Holes Online is a mobile game that lets you take control of a cartoony-looking hole and absorb various city objects like cars, vans, trees and buildings. The hole grows when consuming objects. You have become bigger than opponent holes to absorb them and win the match.
Features actual 4-player online multiplayer mode.
This game was my first (and quite successful) attempt at creating a multiplayer game with a low-level net code.
Some In 2018-2019 mobile IO games with fake multiplayer were on the rise. One of this games was Hole.io by Voodoo. The game took mechanics from Donut County and applied it to a multiplayer match inspired by Agar.io: you took control of a literal hole in the ground that could move and tried to consume as much objects as you could moving through the city to become as big as possible and eventually consume all your opponents.
The game was quite fun and satisfying, but there was a catch: it was not actually a multiplayer game, but it tricked you into thinking that it was one. You were actually playing with bots, but a lot of people just did not realize that.
I really liked the concept of the game and thought that it would be awesome if the game was actually multiplayer. So I decided to build a similar game with a little different set of rules (classic deathmatch without time limits) and better graphics (the city in Holes Online looks quite similar to the one in Hole.io because it uses the same asset pack from Synty Studios, although with different level of detail) and with actual multiplayer.
Unity lacked any built-in multiplayer solutions at the moment and I decided to build my own (for educational reasons).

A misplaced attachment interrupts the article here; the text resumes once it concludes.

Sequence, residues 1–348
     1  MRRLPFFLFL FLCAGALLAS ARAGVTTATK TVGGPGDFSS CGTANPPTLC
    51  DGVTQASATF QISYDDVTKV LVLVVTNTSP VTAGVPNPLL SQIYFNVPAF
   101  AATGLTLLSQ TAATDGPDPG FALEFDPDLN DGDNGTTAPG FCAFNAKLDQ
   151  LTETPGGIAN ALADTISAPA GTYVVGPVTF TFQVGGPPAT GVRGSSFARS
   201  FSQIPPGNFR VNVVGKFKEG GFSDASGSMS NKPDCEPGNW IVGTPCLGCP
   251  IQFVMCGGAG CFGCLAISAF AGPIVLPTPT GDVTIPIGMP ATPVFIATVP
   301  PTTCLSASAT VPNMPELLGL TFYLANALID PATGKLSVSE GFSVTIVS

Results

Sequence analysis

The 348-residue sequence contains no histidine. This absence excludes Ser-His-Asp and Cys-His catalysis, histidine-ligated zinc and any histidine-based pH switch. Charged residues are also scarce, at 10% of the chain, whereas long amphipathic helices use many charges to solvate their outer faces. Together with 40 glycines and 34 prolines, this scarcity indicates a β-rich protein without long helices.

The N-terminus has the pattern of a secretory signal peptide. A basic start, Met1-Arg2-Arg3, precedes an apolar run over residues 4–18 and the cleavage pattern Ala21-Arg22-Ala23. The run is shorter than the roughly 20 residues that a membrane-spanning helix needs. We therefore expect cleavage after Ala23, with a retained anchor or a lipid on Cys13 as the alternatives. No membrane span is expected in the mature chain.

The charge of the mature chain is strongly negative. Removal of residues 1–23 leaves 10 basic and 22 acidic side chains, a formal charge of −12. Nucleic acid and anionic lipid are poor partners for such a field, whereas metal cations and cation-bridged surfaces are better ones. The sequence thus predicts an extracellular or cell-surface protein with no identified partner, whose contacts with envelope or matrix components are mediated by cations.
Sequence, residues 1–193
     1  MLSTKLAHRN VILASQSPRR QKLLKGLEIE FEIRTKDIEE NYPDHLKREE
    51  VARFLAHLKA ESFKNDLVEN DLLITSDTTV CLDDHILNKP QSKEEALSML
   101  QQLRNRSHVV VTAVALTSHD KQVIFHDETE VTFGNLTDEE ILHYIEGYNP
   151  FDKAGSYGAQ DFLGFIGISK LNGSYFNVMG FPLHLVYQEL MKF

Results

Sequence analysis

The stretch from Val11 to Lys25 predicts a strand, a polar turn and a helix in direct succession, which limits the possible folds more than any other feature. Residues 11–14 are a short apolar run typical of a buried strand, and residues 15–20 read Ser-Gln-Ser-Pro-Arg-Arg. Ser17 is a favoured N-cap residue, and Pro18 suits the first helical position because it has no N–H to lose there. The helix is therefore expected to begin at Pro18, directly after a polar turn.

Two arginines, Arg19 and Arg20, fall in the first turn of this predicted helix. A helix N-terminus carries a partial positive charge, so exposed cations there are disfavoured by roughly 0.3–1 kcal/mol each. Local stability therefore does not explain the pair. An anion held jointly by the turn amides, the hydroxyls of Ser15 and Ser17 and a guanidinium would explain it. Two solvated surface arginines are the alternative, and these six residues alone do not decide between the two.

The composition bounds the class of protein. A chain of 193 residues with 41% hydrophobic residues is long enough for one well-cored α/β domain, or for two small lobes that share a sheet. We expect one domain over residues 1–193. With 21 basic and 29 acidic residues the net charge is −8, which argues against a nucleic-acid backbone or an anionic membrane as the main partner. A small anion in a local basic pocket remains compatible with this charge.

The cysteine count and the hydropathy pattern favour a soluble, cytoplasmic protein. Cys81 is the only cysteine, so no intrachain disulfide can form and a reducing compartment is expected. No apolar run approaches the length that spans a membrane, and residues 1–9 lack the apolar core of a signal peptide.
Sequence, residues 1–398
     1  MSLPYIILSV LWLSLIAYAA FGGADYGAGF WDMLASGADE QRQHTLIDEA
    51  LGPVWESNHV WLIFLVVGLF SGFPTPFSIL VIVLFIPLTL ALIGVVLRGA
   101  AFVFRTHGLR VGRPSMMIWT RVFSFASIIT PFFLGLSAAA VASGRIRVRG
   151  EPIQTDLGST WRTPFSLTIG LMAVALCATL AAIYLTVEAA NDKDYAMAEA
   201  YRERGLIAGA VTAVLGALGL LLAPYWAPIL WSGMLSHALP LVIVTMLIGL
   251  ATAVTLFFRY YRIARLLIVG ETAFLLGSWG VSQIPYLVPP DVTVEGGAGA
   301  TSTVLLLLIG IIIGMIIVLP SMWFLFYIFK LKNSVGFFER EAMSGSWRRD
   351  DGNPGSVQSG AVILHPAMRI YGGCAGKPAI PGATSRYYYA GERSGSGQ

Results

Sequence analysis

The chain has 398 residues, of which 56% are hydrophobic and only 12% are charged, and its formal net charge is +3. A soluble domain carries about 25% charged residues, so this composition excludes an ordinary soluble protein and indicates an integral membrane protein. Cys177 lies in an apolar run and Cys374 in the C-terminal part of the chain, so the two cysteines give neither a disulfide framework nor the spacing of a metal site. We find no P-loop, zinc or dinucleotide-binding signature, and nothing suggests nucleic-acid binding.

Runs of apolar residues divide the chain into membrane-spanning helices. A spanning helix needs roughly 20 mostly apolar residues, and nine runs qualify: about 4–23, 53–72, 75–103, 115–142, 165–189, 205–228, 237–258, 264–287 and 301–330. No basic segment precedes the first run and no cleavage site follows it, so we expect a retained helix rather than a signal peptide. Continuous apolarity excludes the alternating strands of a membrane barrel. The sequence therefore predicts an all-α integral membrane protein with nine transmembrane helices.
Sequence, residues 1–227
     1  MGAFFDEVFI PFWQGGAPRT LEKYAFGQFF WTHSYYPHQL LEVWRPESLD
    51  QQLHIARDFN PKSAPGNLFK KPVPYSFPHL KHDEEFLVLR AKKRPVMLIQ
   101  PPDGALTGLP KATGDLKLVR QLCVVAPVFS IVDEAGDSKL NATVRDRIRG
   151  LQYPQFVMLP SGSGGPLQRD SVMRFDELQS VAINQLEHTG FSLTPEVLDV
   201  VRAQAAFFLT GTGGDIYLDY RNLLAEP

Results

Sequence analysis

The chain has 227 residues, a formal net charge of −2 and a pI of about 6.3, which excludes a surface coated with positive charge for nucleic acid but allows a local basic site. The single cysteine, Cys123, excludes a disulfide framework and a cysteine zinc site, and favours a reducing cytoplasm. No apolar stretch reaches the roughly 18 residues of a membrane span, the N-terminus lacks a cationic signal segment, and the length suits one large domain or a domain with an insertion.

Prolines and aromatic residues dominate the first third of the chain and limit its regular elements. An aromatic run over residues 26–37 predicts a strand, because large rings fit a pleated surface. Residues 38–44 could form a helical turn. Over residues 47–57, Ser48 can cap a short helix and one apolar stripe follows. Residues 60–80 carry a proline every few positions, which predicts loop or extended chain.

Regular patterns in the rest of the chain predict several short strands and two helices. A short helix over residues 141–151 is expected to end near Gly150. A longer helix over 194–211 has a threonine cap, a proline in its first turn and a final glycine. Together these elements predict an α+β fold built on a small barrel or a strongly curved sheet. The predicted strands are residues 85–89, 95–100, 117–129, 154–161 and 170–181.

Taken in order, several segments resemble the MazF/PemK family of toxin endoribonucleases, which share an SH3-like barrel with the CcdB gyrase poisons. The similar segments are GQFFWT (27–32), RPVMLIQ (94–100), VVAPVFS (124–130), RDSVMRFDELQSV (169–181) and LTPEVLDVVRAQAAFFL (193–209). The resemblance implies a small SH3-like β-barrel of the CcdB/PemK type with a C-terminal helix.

I’ve used Apple Game Center Realtime Multiplayer feature for matchmaking and data realtime exchange.
Since I did not want to completely re-invent the wheel I’ve decided to recreate Quake 3 Network Model for synchronizing state between clients since it’s considered to be among the best ones.
All realtime data was serialized with MsgPack.
Surprisingly enough, implementing multiplayer was probably the smallest part of all work that was poured into the project – the level design and asset preparation consumed most of the project time. Actual network interaction design and code took a couple of days, plus couple of days of testing. The multiplayer worked pretty well.
I’ve also tried to release the game for Android utilizing Play Games Services multiplayer service (depricated as of 2020), but Google’s SDK for Unity had a fatal flaw: players disconnected whenever the app focus was lost (e.g. when receiving a call or turning the device screen off), so the Android version was never published.
Ironically, most of the Holes Online players don’t play multiplayer, but enjoy the single-player mode.